A stunning example of how thoughtful new architectural design can honor and enhance historic architecture. MVRDV has completed construction of Concordia Design, a mixed-use building containing co-working spaces, an event venue, a food hall, a café, and a rooftop terrace on Słodowa Island in Wrocław, Poland. The project is a renovation and extension of a 19th-century listed building, retaining the façade of the existing building and adding a contemporary extension to create a focal point for the neighboring park and a destination that will enhance the experience of the island for visitors. The façade, both historic and contemporary, has been painted with Soldalit-ME Self-cleaning Photocatalytic Sol Silicate Paint, staircases feature concrete decorated with Concretal Pigmented Mineral Stain and the vivid colors of the mural were created using Optil and Innostar Interior Mineral Paints and Concretal Black-Purity.

2020

Products: Keim Soldalit-ME Self-cleaning Photocatalytic Sol Silicate Paint, Concretal Pigmented Mineral Stain, Optil and Innostar Interior Sol Silicate Paints

More: Architizer


Brunswick Power Terminal
Brunswick East, Australia
Architect: BECA

Brunswick Power Terminal Station is located in Melbourne's suburb of Brunswick East. An upgrade was required, to the existing facility, to provide an alternate energy source to secure electricity flow to the inner suburbs. Key to the process was delivering a functional electrical installation while managing community expectations, integrating into the adjoining sensitive Merri Creek corridor and improving visual amenity for the residential neighborhood. Formed concrete was permanently colored with mineral stain in comely shades of green to help blend the new facade into the local environment.

Products: Keim Concretal Pigmented Mineral Stain

More: Arch Daily

Photos courtesy of BECA


1339 Park Avenue North Park Tower
New York, NY
Architect: Hill West Architects

Rising to 22 stories with 78 condominium units, 1399 Park Avenue emerges as a beacon alongside the Park Avenue Railroad viaduct in East Harlem. The sculptural form is composed of architectural concrete, metal and glass. The building rises through a “Mondrian-like” composition of interlocking cubes and volumes. The building is a true expression of New York City urban design traditions, merging zoning, function and aesthetics into a singular sculptural form. Despite its height and size, the building has the ambiance of a boutique residence.

Hill West created a landmark in the Harlem skyline by combining function and aesthetic in a tower that Harlem can be proud of.

2020

Products: Keim Concrete Cleaner and Concretal Pigmented Mineral Stain

More: Hill West

Photos: Alexander Severin


S.U.N.Y. Albany Stuyvesant Tower and Quad
Albany, NY
Architect: Bell and Spina Architects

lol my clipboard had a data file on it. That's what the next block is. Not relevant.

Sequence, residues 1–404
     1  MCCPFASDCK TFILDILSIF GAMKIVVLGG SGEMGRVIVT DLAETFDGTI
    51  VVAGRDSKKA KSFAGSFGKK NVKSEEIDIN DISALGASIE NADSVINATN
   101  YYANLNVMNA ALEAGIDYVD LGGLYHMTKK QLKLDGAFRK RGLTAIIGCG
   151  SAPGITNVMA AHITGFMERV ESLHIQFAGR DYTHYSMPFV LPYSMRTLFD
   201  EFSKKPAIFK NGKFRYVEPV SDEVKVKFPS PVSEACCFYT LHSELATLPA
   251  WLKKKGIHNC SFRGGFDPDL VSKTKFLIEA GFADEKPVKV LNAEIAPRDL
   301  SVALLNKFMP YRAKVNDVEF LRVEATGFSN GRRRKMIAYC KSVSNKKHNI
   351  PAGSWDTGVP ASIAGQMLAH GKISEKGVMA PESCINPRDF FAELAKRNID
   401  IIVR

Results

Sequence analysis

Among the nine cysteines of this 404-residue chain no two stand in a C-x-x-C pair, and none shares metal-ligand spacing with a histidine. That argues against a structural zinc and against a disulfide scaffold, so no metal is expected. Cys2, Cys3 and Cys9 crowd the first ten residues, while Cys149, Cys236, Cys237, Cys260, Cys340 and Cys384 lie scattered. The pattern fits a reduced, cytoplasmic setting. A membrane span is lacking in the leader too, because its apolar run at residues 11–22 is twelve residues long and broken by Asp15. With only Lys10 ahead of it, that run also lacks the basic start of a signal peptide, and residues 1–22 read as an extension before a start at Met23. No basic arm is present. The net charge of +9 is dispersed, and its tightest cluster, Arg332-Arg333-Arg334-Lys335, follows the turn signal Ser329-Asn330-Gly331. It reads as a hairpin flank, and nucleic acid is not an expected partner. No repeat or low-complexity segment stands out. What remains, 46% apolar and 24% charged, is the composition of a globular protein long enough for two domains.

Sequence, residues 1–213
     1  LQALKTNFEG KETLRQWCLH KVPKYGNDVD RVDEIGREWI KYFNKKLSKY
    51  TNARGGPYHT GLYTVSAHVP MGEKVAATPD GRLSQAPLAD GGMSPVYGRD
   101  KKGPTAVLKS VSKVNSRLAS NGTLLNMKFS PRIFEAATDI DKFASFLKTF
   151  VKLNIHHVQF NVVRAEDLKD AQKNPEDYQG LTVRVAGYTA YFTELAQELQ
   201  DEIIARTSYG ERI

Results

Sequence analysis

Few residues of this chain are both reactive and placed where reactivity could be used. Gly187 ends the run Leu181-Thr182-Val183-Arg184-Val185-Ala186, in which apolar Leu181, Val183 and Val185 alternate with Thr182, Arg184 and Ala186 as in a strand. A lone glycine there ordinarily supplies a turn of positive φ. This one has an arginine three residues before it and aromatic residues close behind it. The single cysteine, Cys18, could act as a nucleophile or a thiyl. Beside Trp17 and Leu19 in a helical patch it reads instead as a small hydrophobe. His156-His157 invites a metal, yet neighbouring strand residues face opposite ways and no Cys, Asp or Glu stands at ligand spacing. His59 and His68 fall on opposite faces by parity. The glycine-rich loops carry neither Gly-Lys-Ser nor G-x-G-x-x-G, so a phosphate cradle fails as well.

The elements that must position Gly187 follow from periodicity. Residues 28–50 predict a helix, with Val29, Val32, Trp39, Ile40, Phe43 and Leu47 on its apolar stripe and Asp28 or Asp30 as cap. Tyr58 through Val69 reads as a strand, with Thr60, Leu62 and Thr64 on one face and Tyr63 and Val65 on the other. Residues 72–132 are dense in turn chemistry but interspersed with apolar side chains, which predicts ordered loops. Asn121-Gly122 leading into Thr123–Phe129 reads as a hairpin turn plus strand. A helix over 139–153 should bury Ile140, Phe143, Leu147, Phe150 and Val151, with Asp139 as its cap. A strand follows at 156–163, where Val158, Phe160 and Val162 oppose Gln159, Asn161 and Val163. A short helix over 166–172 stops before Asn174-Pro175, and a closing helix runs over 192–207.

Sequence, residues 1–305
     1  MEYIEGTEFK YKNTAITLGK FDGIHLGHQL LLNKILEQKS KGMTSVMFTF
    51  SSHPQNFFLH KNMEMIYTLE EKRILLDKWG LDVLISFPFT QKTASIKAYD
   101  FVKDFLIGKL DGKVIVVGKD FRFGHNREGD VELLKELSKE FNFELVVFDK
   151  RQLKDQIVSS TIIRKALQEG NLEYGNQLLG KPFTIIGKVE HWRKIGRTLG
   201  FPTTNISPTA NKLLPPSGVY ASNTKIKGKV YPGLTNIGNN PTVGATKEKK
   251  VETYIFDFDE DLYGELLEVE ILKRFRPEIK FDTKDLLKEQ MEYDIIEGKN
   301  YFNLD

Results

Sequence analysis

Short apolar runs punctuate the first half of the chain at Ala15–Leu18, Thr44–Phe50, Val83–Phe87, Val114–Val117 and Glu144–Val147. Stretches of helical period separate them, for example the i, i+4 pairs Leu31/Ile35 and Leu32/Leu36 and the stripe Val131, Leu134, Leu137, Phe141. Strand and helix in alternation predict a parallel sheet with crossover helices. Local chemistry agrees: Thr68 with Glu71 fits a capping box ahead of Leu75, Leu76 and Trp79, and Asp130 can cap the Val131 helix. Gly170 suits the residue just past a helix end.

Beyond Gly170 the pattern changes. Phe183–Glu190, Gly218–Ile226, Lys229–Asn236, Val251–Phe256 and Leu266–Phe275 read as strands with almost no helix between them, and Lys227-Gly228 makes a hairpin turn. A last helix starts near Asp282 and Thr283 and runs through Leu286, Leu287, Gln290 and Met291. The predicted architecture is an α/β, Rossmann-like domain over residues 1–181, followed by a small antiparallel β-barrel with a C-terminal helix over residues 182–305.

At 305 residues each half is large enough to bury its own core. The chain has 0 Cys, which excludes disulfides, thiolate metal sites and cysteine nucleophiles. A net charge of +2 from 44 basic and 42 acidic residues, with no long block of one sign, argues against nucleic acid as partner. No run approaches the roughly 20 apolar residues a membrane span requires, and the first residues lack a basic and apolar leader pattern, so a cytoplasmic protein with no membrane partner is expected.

Edward Durell Stone's SUNY Albany campus was commissioned in 1962 by New York governor Nelson A Rockefeller to build a tabula rasa complex for the school's Uptown Campus. The "Academic Podium," as Stone called it, is the architect's modernist acropolis; a raised grid of white, classically inspired New Formalist academic and administrative buildings.

The cast-concrete and stone-paneled structures are fronted by ultra-thin columns supporting large, ornamental overhangs, and connected by gridded stone walkways, colonnades, plazas, gardens, sunken fountains, and reflecting pools. Placed at the corners are four symmetrical residential quads, mirroring each other around four white towers.

A systematic renovation of exterior concrete features added water repellency and a beautiful white mineral concrete stain to help blend patches and repairs and to bring Stone’s architectural vision back into renewed focus.

2020

Products: Keim Silan-100 Water Repellency and Concretal Pigmented Mineral Stain

Photos: Suny Albany


Nancy and Rick Kinder Museum Building, Museum of Fine Arts Houston
Houston, TX
Architect: Steven Holl Architects

The new museum architecture is characterized by porosity, opening the ground floor at all elevations. Seven gardens slice the perimeter, marking points of entry and punctuating the elevations. The largest garden court marks the central entry point of the new campus. The Kinder building adds a horizontal architecture to the HMFA compound in translucent glass. The curved glass elements have a soft texture and alabaster-like quality. In complementary contrast, the Kinder Building provides a strong contribution to the existing unique architecture of the museum.

Exposed concrete elements required a unique and dazzling finish, both at the façade and on interior spaces. Keim Metallic Finish for concrete was chosen for its unique shimmer and organic metallic appearance on the raw concrete.

2020

Products: Keim Metallic Stain Color 1002

More: Steven Holl Architects, Arch Daily

Photos: Richard Barnes, courtesy of the Museum of Fine Arts, Houston